Don't Take Advice From Your Fears
Letting fear make decisions is a bad habit that is sure to get in the way of having more luck in your life. Acting from fear also sabotages your self-growth. Did you know that Johnny Carson had stage-fright every night before he went on the air? He stepped out there anyhow, and enjoyed doing the Tonight Show for decades. Fear is just a feeling. Move forward despite it.
Relaxed Goal Setting
Committing yourself to specific goals too soon can backfire. This is because a goal has to be seen in context of all our other goals and values. For example, when I used to write down specific financial targets, I accomplished them, but I made myself miserable doing so. Many people find that they are happier if they take a clear direction, and then let the goals formulate themselves in time. Setting goals and writing them down is a powerful way to make progress, but it's up to you to decide when specific goals are appropriate.
Mouth-breathing expands your chest, but if you breath through your nose you'll notice how your abdomen extends. You see, nose-breathing causes the diaphragm to pull air to the bottom of your lungs. This delivers a good dose of oxygen into your bloodstream and brain. It also tends to relax you. Relaxed and thinking better - that's a recipe for good luck.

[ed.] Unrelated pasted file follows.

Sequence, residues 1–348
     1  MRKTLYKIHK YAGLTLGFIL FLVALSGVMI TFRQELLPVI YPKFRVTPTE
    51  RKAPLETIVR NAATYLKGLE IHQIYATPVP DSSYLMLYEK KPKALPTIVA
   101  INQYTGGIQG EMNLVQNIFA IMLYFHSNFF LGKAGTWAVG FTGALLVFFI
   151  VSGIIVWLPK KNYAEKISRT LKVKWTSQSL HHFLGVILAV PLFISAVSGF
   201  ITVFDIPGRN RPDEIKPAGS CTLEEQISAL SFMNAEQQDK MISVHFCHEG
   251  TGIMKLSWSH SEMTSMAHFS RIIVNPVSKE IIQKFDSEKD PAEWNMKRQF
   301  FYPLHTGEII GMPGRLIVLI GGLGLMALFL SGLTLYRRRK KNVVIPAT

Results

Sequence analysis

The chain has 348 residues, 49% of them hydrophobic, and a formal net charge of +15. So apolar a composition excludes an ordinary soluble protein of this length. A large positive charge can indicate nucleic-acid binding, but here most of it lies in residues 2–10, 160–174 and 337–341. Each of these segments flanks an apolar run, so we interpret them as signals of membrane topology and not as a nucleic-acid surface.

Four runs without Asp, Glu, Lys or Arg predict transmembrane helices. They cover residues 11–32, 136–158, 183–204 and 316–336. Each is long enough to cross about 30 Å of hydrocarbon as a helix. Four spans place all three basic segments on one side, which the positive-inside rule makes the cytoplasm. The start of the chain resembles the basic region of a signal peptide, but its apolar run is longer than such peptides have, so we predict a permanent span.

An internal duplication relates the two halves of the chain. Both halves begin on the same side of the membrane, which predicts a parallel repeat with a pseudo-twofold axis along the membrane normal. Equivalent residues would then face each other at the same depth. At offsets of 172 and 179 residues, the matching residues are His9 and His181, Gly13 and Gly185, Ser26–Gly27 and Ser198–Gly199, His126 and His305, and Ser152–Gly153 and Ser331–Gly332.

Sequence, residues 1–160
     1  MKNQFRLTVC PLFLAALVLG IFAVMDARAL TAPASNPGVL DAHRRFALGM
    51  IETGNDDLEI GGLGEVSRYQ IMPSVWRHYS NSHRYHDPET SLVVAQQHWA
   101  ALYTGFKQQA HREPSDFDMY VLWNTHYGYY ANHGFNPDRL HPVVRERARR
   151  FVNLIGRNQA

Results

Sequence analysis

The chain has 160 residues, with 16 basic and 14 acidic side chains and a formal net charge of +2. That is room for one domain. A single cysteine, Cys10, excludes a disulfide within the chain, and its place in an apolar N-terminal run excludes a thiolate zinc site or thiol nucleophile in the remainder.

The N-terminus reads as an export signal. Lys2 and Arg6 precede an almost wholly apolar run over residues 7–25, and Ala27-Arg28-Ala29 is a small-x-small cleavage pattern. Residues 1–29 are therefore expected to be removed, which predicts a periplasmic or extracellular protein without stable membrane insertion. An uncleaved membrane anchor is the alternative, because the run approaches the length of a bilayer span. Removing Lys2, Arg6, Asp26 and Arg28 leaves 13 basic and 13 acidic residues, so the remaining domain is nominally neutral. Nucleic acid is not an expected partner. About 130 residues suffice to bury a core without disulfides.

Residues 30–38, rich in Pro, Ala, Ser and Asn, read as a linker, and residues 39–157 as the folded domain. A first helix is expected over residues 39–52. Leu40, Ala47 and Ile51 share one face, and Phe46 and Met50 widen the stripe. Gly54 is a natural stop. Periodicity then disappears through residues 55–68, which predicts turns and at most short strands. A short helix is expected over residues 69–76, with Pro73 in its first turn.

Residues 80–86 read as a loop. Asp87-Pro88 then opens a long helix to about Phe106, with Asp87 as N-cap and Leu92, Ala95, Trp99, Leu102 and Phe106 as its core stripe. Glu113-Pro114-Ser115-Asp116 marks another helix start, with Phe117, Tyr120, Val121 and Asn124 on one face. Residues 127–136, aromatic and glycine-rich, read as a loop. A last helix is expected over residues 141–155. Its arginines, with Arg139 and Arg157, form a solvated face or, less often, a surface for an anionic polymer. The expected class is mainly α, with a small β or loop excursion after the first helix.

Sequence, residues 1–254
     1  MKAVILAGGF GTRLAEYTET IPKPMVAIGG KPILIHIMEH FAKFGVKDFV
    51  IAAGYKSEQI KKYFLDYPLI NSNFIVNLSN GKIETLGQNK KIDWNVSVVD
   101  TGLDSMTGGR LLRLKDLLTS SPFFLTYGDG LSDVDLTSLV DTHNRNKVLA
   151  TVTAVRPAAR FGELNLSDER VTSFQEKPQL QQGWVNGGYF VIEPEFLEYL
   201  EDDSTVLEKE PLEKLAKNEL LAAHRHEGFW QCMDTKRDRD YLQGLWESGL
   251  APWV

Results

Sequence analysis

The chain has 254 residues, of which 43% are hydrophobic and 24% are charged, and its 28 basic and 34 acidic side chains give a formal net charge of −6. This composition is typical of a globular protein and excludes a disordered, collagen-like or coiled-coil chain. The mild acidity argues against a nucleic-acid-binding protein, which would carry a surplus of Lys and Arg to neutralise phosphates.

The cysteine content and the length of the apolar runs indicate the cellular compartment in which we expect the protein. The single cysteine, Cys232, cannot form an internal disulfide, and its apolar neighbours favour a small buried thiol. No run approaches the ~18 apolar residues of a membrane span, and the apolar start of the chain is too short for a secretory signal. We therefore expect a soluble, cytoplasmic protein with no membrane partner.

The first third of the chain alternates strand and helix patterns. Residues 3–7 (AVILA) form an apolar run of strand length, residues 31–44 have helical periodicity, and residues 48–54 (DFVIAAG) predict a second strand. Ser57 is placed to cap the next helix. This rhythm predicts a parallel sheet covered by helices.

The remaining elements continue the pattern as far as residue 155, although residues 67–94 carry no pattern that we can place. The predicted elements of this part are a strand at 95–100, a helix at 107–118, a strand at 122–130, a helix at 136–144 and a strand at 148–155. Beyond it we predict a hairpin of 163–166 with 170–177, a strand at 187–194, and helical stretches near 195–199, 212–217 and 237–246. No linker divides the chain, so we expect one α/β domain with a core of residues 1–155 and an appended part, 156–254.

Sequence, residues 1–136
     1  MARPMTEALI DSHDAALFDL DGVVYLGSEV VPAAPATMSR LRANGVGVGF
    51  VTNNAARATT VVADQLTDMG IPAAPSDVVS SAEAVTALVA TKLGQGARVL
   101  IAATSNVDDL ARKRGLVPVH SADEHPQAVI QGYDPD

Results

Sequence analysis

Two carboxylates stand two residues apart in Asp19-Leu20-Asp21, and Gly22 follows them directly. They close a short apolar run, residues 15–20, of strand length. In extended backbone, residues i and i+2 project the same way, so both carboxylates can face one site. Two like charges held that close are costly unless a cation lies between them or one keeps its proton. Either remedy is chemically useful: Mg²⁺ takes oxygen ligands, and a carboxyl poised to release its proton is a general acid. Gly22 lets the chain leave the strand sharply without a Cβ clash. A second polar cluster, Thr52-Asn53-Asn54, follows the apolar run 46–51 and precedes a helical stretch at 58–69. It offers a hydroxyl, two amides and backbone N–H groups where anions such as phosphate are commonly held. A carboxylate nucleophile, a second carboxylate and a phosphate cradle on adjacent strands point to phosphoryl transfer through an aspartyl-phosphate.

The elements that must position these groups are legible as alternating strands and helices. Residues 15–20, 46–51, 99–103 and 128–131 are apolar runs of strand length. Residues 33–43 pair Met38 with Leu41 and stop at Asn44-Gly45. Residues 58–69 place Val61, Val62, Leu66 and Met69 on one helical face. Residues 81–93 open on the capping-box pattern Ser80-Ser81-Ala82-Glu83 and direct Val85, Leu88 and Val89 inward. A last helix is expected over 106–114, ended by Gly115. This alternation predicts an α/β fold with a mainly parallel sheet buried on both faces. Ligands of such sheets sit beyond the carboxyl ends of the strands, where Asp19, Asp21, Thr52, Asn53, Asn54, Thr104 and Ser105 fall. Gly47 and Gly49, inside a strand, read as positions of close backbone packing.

Forget The Paranormal Explanations
Many people are looking for paranormal explanations for luck, and for related phenomena like intuition and creativity. But why? There are good psychological explanations for why some people are luckier than others that have nothing to do with psychic abilities. There are exercises that have been shown to improve one's luck whether or not we have a decent explanation yet.
Why do people need an appeal to the paranormal? Perhaps part of the reason is that if psychic powers could bring you luck, it would be easier than making changes in how you think and act. There is nothing wrong with looking for an easier way - as long as the search does not become an excuse for not taking the steps that are proven to work.
In Richard Wiseman's ten-year study of lucky people, he found definite differences between lucky and unlucky people. What he didn't find, however, was any indication of anything paranormal. He says, "I've found plenty of evidence of unscientific approaches to data, but have never come across a paranormal experiment that can be replicated."
For example, he found that people described by themselves and others as lucky were not any more likely to win the lottery. No surprise there - a lottery is random chance. On the other hand, people who are considered lucky can win more often in business or love or even artistic endeavors and without paranormal powers. They simply think and act in ways that promote a better outcome - they apply principles of good luck.